Living specimens of large ostracods were collected from shallow fresh water with fine mesh dip nets and fixed in 95 % ethanol. Empty valves located in dried temporary pools were collected by hand and stored dry. Three preserved specimens were deposited in the Academy of Natural Sciences, Philadelphia, two in 80% ethanol and one (DNA voucher) in 95 % ethanol (ANSP GI-19490). Empty valves were collected from a dry temporary pool dominated by the aroid, Dieffenbachia seguine (Jacq.) Schott, along the Blackwood Allen trail, Baker Hill, Montserrat (Fig. 1) on January 2, 2015 and January 10, 2017 (approximately 16°46'25.04"N, 62°12'27.17"W). Living specimens (Fig. 2) were collected from a shallow pool adjacent to the upstream edge of the road crossing over Bottomless Ghaut, Blake’s Estate, Montserrat on January 10, 2016 (16°46'45"N, 62°10'32"W). On January 17, 2017, empty valves were collected from a muddy temporary puddle along the Jack Boy Hill trail (approximately 16°45’46"N, 62°10’46"W) Trant’s Estate, Montserrat. Living specimens were collected from Dowdye Pond dominated by water lettuce, Pistia stratiotes L., along the road north of Gerald’s, St. Peter, Montserrat on January 16, 2018 (approximately 16°48’19.60”N, 62°11’35.78”W). The ostracods collected were identified as C. unispinosa (Baird 1862) by comparing our specimens with descriptions and illustrations in Roessler (1986). Additionally, illustrations of C. barbadensis show valves of a different shape from our specimens and without a point on the posterolateral margin (Sharpe 1910).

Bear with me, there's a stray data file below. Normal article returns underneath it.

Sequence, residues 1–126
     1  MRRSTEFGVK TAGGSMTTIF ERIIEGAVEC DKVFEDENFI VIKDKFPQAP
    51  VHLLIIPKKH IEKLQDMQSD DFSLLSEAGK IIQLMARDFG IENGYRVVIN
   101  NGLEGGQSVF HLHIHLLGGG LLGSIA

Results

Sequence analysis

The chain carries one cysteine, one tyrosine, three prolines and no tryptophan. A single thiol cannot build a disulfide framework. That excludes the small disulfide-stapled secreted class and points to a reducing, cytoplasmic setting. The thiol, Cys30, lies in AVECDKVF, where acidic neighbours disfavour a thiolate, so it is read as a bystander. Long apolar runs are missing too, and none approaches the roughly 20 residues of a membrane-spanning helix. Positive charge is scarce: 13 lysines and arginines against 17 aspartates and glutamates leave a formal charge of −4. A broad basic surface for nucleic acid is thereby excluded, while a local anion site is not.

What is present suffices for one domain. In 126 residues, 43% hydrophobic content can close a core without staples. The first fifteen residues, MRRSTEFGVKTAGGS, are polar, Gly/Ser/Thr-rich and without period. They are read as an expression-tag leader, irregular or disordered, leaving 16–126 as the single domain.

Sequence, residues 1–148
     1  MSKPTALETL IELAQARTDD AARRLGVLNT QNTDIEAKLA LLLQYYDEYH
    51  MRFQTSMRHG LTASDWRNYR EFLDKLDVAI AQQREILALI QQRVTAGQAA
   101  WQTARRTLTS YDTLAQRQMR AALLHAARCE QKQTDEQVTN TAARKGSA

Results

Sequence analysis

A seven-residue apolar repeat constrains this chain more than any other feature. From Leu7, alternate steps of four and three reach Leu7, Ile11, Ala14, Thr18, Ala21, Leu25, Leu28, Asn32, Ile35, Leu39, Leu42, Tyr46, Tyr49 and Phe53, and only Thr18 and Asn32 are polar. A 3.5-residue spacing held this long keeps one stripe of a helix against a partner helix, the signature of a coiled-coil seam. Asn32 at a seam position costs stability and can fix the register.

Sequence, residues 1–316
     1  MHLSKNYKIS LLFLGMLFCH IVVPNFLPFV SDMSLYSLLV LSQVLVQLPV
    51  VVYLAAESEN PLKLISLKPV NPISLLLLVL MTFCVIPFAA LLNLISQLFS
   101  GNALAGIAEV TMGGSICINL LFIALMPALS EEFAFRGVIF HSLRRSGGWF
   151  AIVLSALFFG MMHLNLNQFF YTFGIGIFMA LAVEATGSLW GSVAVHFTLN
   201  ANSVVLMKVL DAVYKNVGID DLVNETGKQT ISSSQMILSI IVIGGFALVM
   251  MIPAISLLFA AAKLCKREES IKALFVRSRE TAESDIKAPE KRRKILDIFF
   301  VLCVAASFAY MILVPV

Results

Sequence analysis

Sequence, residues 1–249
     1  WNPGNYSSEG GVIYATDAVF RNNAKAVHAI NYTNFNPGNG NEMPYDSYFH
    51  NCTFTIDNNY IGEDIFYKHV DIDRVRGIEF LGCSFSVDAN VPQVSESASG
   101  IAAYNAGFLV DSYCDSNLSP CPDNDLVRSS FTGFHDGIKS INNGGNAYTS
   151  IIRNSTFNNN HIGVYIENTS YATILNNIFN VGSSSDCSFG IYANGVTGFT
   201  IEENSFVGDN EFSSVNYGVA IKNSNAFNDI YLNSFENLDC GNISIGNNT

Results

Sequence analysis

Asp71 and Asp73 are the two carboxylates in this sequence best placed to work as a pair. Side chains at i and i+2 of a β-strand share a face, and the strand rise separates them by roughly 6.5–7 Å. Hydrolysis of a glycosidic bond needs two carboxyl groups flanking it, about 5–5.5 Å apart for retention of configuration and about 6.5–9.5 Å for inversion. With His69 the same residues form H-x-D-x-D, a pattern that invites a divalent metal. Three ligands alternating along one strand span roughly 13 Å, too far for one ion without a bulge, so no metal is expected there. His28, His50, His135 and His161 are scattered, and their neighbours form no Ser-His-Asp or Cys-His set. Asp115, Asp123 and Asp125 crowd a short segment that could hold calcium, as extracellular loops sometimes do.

Figure 2. 

Preserved specimen of Chlamydotheca unispinosa from Bottomless Ghaut, Montserrat, approximately 4.1 mm long. Living individuals were colored bluish-green.

Genomic DNA was extracted from one entire animal using a DNeasy Blood & Tissue Kit (QIAGEN) and a 710bp region of the mitochondrial COI gene was amplified using HCO2198 and LCO1490 (Folmer et al. 1994). PCR products were purified using a Qiaquick PCR Purification Kit (QIAGEN) and sequenced using the same primers as the PCR (DNA Analysis Facility on Science Hill, Yale University). Complimentary forward and reverse sequences were aligned and edited in BioEdit (Hall 1999) and the resulting sequence was used in a BLAST search of the GenBank nucleotide database (blastn). A selection of DNA sequences similar to the Montserrat ostracod were downloaded and aligned using ClustalW (MEGA, Tamura et al. 2013). Alignments were edited and poorly aligning flanking regions were removed. Aligned sequences were translated, using an invertebrate mitochondrial genetic code table, into amino acid sequences to check for alignment errors. A neighbor-joining tree (bootstrap, 1000 replications) was constructed of COI sequences representing the Montserrat ostracod and the four most similar species published in GenBank, as well as a sequence from one more distantly related ostracod, Conchoecetta cuminata Claus, 1890 (Podocopida, Cytherideidae) as an outgroup (MEGA). Pairwise distances (p-distance, complete deletion) were calculated between the nucleotide sequences of the Montserrat ostracod and the four most similar published sequences, as well as one with the outgroup sequence of C. cuminata (MEGA).